A day after Rob Manfred declined to reinstate Pete Rose, the Hit King held a press conference. Rose has never cared much about optics and now that it basically doesn’t matter what he does, it should not be at all surprising that he held his press conference in Las Vegas. With cheerleaders. Which, as far as I’m concerned is all aces. There’s something liberating about having nothing to lose, and at least as far as organized baseball is concerned, Rose has nothing left to lose. Be yourself, hombre.
As for the substance, Rose had nothing new to add. He continues to draw false equivalencies between gamblers and steroid users as it suits him. He continues to self-promote, saying “to be honest with you I should be the commissioner of baseball the way I sell and talk about the game.” Not that honesty is his strong suit, at least according to Commissioner Manfred’s decision yesterday. To that point, Rose said “I tried to be as honest as I could with the Commissioner and I think he appreciated that.” That’s a telling comment, even if it was unintentional. It’s not that he was honest. Or that he even attempted to be actually honest. He merely tried to be as honest as he could. There are some limits, here. Mrs. Rose didn’t raise no fools.
The thing is, there was really nothing new to be honest about. Rose’s record of gambling and lying about it and changing his story here, there and back again over the past 26 years is an open book. Rose himself had done nothing special or different to inspire Manfred to reopen his case. It was a gift from Manfred, really. A fresh opportunity for Rose to give a new commissioner a chance to do something that would be popular right out of the gate. Maybe it was always doomed. Maybe Rose simply whiffed on a grooved fastball. Watching Rose speak a few minutes ago, I don’t think Rose himself even knew.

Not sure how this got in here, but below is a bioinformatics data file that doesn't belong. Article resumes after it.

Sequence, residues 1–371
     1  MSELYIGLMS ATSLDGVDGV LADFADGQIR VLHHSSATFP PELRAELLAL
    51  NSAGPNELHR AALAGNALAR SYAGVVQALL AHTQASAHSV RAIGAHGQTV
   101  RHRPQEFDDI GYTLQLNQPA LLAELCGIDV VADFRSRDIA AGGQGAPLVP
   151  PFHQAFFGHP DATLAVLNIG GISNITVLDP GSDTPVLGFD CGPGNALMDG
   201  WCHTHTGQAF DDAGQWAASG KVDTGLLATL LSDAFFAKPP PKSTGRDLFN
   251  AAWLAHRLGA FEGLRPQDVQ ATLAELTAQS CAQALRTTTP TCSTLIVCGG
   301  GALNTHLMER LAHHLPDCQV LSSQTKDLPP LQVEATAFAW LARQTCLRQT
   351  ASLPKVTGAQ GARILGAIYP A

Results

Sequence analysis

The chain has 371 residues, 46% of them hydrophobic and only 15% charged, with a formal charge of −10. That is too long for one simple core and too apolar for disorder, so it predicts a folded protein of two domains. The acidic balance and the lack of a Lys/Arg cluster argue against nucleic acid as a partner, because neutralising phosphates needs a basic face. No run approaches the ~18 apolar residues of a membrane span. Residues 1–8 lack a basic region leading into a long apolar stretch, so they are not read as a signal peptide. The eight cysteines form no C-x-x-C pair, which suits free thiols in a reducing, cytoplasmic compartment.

That’s admirable in some twisted way. Rose mentioned, several times, that he is just living the life he has. That he’s being himself. That betting on a game once in a while because it brings him enjoyment. I believe that. I certainly believe that more than I believed Rose when he claimed to realize he had a gambling addiction ten or eleven years ago. For a minute or two there it seemed like he was willing to play along with the redemption story as most would author it. Then he stopped doing that and now takes the view that he doesn’t have a problem and who is Rob Frickin’ Manfred to say that he does?
I actually don’t begrudge him that. While, if he truly is an addict I would hope that he seeks help for it at some point, he’s an American citizen with some means and the right to do anything legal he wishes to do. Including gamble on sports. If he stays within the law and doesn’t harm others we’re in no position to tell him what’s better to do with his life, even if we personally find it regrettable.
It’s just that Rose living his best, chosen life is totally incompatible with being reinstated to baseball given his past transgressions. And that he either can’t understand or refuses to accept that is the reason he’s not in baseball anymore. Not anything Rob Manfred or anyone else has done to him.